In the last episode, the entire family and all their friends gathered to watch the video prepared by Ye Rim. In the video, normal activities of the family were immortalized. But what got the tears flowing was the messages for both Soo Jin and Do Hyun. Lastly, the couple themselves appeared on video, sharing their own sentiments.
As morbid as it is for me, what came to my mind then was this was a great way to “mourn” someone. Oftentimes we hear messages like these during funerals, when the person is no longer with us. But what a great thing it is to actually be able to tell that person what’s in your heart, although it may not be fully understood by Do Hyun given his condition.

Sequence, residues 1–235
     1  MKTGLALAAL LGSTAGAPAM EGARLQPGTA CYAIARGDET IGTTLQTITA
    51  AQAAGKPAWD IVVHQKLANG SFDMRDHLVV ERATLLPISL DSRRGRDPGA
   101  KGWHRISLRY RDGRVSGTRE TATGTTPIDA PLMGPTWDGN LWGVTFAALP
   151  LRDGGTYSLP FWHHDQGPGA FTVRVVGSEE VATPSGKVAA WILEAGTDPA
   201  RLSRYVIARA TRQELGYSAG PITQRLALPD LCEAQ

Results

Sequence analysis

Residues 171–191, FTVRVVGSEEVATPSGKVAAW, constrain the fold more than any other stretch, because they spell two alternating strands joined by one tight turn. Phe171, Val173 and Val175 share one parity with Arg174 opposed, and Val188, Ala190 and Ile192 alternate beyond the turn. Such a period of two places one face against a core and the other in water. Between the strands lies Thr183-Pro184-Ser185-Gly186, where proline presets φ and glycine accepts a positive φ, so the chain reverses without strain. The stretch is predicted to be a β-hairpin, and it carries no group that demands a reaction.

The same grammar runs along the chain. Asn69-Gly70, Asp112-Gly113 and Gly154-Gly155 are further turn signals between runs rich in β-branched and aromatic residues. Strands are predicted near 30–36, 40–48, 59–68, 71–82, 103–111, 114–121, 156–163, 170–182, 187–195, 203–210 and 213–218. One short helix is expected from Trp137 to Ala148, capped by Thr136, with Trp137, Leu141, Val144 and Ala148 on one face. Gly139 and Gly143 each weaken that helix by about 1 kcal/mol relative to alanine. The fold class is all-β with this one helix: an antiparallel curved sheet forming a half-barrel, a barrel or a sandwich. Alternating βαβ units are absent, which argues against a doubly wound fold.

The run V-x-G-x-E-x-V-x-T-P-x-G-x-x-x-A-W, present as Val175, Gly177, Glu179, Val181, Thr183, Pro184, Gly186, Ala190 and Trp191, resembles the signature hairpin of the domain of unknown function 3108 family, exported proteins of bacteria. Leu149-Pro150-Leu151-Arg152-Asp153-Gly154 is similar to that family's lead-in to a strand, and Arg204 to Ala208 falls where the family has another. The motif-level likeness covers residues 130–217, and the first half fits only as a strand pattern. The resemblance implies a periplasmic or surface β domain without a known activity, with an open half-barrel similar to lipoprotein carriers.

I personally cannot come up with any drawbacks. I haven’t cried ugly like this since I last watched the movie Miracle in Cell No. 7.
The Wind Blows is a heart-warming family drama that shouldn’t be missed. It teaches us to appreciate our loved ones no matter what the circumstances. As corny as it may sound, this drama reminds us to tell the person we love how we feel about them lest we lose the opportunity.
*all images from JTBC.
Nicole is currently juggling motherhood, her job, and her immense love for K-dramas and K-pop. On most days, the latter wins. Sleeping can wait – is her motto as she eagerly devours episodes of her favorite K-dramas. Her absolute favorite drama would be Weightlifting Fairy Kim Bok Joo.
She is currently watching Doctor Detective, Watcher, Be Melodramatic, Level Up and Hotel Del Luna.